The apartment building at 6575 Trigo Road used to be the Working Alternatives Halfway House for men recently released from prison. Working Alternatives was open for more than 20 years and closed in February 2005, despite protests from students in support of the halfway house.
From the Daily Nexus:
A.S. Pledges to Help Halfway House, February 24, 2005: "Joaquin told the council that the halfway house gets funding from the federal prison budget, which the Bush administration is cutting. The halfway house provides job opportunities to people formerly incarcerated for nonviolent crimes. Joaquin said the halfway house is important because it helps to provide a community of support for former prison inmates and people convicted of minor offenses."
Save the Halfway House (opinion), February 24, 2005: "What can be done to break the chain of this inhumane and oppressive system? The Working Alternatives Halfway House in Isla Vista is one of the few resources and programs available for released prisoners to make the transition from prisons to communities...We as students and community members need to take a stand against these budget cuts and show our support for the positive efforts of the halfway houses that help reduce the recidivism rate."
Protesters To Fight Federal Closure of I.V.’s Halfway House, February 25, 2005: "Due to recent budget cuts, the halfway house, which has been in operation for more than 20 years, is scheduled to close Feb. 28. Working Alternatives is currently home to 11 former inmates, despite the facility’s capacity for 25-32 residents, said Chris Bickel, a UCSB graduate student who works with Working Alternatives residents. Because Working Alternatives was not fully utilizing its facilities, Bickel said the Federal Bureau of Prisons decided Feb. 16 to end its contract with the halfway house."
Ralliers Protest Closure of I.V. Halfway House, February 28, 2005: "The Federal Bureau of Prisons gave the home’s 11 residents a 10-day advanced notice of the closure, which was ordered due to recent budget cuts and the house’s insufficient use of its 25- to 32-person capacity. Word of the prison bureau’s decision sparked an outcry of support from a number of UCSB students and faculty involved in the house’s ClearWater Project. For the past 10 years, the nonprofit ClearWater Project connected local students with residents of the halfway house to break down stereotypes and teach life skills."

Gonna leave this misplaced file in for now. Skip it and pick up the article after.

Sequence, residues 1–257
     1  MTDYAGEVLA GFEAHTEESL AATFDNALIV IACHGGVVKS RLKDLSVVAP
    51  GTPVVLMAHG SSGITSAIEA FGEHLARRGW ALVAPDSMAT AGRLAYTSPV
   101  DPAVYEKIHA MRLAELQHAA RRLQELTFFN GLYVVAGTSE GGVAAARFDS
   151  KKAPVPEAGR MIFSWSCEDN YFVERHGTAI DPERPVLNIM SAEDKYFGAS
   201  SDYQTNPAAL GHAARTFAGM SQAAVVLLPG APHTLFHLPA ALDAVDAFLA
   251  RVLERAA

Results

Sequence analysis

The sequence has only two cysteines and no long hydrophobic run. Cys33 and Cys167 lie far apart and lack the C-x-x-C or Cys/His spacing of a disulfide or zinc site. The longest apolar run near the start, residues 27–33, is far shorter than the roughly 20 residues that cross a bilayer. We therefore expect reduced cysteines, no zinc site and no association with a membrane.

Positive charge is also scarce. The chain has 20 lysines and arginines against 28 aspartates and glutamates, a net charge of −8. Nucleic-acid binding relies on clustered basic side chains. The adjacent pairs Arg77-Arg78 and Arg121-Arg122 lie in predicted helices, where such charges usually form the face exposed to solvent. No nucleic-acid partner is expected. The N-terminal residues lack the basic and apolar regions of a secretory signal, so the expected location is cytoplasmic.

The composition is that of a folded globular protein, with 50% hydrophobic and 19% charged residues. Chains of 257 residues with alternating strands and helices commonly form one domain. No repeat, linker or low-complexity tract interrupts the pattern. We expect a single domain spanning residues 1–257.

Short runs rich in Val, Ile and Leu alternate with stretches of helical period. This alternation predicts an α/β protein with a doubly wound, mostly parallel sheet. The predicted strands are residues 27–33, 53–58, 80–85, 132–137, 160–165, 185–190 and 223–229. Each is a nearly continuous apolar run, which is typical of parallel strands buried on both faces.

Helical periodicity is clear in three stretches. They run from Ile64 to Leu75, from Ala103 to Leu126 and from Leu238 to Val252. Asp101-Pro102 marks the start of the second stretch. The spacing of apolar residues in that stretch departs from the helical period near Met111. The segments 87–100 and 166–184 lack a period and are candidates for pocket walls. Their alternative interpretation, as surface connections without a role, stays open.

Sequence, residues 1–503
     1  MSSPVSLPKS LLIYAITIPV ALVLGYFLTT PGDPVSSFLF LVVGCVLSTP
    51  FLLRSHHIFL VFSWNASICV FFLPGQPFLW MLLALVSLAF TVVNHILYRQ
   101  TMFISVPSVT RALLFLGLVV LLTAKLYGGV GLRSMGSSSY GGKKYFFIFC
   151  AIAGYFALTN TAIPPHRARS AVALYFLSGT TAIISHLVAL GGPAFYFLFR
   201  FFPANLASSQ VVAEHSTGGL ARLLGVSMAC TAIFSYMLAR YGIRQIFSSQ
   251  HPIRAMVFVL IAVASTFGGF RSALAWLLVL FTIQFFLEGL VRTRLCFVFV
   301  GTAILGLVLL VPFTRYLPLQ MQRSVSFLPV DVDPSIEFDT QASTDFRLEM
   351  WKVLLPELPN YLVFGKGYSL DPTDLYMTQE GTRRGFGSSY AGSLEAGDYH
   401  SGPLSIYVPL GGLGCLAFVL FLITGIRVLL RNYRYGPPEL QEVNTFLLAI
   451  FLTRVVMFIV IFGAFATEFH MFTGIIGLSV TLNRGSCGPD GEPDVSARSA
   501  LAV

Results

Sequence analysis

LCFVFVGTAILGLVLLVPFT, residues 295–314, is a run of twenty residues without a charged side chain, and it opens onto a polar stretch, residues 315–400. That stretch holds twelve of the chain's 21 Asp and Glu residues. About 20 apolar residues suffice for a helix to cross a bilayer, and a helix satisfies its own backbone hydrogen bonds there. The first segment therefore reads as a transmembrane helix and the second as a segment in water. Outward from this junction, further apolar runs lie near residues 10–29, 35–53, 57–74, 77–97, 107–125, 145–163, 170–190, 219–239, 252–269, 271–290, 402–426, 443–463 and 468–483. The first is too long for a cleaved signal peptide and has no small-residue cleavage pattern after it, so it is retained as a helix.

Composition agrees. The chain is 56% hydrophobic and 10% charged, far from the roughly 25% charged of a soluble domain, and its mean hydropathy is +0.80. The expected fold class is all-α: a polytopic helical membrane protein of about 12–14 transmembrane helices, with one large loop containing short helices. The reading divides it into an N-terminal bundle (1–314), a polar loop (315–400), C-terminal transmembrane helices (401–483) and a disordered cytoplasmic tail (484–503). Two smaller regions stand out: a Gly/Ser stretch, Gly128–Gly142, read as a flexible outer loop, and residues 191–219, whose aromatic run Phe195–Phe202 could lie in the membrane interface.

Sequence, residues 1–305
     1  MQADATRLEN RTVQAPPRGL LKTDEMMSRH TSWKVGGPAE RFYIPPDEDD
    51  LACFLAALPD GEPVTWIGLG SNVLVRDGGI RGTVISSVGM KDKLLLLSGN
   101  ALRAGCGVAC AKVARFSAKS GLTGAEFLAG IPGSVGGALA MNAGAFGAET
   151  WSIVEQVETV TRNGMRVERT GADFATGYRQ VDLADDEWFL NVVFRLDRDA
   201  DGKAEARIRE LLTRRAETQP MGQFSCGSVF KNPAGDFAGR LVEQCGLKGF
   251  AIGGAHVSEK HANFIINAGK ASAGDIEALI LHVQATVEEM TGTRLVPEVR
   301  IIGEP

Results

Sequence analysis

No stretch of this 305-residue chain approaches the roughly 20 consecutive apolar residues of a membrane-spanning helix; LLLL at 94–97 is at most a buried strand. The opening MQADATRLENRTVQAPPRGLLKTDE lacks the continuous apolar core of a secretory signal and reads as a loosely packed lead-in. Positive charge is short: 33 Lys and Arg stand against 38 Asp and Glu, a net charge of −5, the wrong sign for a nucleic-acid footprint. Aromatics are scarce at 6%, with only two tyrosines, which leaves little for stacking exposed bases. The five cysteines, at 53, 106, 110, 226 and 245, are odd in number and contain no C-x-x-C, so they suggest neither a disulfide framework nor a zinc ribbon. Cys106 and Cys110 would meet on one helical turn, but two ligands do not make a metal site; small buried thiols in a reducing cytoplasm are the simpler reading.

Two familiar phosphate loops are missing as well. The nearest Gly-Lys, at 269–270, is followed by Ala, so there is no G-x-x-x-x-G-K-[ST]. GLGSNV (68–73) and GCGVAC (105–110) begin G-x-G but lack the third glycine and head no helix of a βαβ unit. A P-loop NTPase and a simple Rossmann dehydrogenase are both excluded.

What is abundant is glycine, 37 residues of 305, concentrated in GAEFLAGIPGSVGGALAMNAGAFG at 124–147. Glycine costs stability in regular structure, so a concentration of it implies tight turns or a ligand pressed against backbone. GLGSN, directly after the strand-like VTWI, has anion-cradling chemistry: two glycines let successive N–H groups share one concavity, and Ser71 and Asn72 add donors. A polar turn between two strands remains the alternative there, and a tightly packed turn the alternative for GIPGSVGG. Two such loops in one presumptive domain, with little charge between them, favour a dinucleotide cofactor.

Prison Bureau Denies Part in Halfway House Closure, March 1, 2005: "Traci Billingsley, chief public information officer for the Federal Bureau of Prisons, said the decision to close the program was made not by the bureau, but by Working Alternatives, the company that oversees the halfway house...“To a certain extent, the Bureau of Prisons is right — it is ultimately up to Working Alternatives whether or not to close,” Trujillo said. “But the reason that Working Alternatives is closing is because the federal bureau isn’t sending them enough prisoners for them to make money.”"
IV is often called a student neighborhood, but it's more complex than that - it's always had more than just students. IV has a greater percentage of students now than it used to have, and some people think that this contributes to IV's problems. UCSB is interested in encouraging more adults to live in and near IV, such as working on faculty and staff housing along the Eucalyptus Curtain. The halfway house was a different type of housing diversity that apparently contributed positively to IV and is now gone, and knowing that it was here might help inspire more flexible thinking about what IV has been and can be.
It's also interesting to learn what previous rounds of students were working on and caring about in IV, to better understand what Associated Students has worked on and what it can (and can't) do.